lacked expression when with Wolf Larsen. I have since determined that a part of it was due to the man's personality, but that the greater part was due to his totally different outlook. Unlike other materialists I had met and with whom had something in common to start on, I had nothing in common with him. Perhaps, also, it was the elemental simplicity of his mind that baffled me. He drove so directly to the core of the matter, divesting a question always of all superfluous details, and with such an air of finality, that I seemed to find myself struggling in deep water with no footing under me. Value of life? How could I answer the question on the spur of the moment? The sacredness of life I had accepted as axiomatic. That it was intrinsically valuable was a truism I had never questioned. But when he challenged the truism I was speechless.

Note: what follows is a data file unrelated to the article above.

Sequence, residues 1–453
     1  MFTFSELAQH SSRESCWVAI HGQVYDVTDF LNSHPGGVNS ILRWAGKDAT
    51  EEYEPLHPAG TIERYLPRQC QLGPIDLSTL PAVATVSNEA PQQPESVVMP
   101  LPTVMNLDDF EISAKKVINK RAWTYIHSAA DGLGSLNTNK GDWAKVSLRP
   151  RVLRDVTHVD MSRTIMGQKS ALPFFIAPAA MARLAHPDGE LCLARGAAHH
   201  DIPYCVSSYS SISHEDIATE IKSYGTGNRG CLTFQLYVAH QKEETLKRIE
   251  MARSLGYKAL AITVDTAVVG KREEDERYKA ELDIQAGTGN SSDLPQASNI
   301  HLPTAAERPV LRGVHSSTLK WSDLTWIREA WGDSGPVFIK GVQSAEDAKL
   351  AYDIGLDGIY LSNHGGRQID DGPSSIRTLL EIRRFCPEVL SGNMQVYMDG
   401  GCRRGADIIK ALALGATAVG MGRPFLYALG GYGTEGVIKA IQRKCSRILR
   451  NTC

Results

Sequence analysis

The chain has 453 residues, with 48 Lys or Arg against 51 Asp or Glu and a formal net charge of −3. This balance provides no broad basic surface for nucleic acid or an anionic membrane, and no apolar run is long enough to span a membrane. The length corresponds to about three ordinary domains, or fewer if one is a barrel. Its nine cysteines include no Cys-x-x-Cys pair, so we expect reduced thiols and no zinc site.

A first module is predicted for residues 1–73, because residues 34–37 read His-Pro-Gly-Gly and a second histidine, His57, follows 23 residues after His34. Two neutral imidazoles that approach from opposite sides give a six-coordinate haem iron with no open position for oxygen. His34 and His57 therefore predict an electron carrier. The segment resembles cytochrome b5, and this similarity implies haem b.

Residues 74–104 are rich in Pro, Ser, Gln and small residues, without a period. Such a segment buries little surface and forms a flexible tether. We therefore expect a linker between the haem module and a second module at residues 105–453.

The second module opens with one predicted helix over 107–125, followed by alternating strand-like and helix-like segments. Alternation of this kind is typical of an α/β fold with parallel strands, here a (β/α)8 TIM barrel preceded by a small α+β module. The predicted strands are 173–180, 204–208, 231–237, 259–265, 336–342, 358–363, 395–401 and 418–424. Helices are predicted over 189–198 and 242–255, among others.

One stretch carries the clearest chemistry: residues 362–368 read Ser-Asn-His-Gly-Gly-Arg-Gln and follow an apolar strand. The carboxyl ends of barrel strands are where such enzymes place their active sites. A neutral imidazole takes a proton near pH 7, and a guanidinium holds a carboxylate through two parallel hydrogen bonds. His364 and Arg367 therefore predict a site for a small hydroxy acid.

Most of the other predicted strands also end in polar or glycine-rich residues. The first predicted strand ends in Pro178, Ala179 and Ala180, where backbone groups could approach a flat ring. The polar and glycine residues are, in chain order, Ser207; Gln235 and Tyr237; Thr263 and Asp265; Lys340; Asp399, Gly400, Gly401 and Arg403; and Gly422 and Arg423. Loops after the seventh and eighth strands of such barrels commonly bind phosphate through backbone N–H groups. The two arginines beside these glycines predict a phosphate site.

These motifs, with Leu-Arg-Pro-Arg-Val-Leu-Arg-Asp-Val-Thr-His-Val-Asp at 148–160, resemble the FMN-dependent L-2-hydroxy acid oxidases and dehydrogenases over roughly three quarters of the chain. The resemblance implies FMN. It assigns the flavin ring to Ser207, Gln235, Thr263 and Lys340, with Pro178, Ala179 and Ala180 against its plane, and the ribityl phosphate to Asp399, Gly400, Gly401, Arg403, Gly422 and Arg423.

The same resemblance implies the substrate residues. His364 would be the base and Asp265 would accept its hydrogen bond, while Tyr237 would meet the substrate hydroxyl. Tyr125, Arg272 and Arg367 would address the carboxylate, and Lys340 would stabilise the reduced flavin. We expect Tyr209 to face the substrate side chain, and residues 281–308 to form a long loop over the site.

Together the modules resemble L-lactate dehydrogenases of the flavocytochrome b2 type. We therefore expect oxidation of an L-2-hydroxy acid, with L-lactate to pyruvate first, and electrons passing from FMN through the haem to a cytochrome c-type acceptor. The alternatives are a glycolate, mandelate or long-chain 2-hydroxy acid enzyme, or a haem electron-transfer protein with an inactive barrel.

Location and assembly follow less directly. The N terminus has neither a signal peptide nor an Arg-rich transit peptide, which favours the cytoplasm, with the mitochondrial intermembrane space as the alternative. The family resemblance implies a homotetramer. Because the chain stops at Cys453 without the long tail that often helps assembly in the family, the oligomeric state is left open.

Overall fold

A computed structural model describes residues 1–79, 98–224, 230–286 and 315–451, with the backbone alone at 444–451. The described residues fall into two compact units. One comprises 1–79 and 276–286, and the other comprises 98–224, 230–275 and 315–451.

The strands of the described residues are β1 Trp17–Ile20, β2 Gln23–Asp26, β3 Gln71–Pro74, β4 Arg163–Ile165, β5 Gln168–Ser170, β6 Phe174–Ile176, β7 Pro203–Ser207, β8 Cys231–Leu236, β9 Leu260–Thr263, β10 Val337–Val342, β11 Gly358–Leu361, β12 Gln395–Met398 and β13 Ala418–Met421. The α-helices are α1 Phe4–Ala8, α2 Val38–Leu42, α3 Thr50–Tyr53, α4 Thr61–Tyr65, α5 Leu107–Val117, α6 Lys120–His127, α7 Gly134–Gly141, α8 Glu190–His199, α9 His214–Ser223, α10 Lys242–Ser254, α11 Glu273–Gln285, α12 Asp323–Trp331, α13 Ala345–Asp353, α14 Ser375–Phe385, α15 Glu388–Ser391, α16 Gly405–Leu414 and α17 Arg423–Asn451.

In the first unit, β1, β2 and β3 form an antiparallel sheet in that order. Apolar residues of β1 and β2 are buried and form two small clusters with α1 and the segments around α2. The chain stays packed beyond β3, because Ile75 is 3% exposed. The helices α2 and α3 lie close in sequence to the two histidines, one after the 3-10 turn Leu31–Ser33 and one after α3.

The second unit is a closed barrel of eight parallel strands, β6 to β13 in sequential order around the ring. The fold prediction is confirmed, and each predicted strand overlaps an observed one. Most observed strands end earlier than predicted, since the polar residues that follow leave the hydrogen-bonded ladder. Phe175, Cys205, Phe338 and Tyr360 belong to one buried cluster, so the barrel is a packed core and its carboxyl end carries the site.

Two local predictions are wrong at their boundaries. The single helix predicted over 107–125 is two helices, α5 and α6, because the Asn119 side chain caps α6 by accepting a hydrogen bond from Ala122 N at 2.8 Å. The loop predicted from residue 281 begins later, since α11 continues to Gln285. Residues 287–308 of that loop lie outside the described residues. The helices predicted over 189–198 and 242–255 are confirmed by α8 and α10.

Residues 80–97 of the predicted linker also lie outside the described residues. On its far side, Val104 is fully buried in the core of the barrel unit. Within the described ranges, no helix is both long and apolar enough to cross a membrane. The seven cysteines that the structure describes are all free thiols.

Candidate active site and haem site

"We were talking about this yesterday," he said. "I held that life was a ferment, a yeasty something which devoured life that it might live, and that living was merely successful piggishness. Why, if there is anything in supply and demand, life is the cheapest thing in the world. There is only so much water, so much earth, so much air; but the life that is demanding to be born is limitless. Nature is a spendthrift. Look at the fish and their millions of eggs. For that matter, look at you and me. In our loins are the possibilities of millions of lives. Could we but find time and opportunity and utilize the last bit and every bit of the unborn life that is in us, we could become the fathers of nations and populate continents. Life? Bah! It has no value. Of cheap things it is the cheapest. Everywhere it goes begging. Nature spills it out with a lavish hand. Where there is room for one life, she sows a thousand lives, and it's life eats life till the strongest and most piggish life is left."